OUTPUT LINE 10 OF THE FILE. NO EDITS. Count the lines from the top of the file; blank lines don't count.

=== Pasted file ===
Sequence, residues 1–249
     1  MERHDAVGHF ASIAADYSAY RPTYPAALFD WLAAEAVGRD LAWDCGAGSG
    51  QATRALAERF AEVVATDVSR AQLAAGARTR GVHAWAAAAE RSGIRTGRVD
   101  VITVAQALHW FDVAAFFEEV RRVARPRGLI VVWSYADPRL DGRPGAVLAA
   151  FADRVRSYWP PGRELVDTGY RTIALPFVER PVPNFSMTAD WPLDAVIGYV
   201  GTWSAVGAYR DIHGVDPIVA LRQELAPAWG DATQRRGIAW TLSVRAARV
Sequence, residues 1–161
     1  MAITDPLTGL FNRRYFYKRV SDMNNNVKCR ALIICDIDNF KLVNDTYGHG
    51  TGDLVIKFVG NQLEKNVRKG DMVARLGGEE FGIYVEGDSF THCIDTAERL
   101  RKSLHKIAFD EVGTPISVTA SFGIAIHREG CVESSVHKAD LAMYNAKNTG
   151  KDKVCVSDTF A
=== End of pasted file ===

   101  RKSLHKIAFD EVGTPISVTA SFGIAIHREG CVESSVHKAD LAMYNAKNTG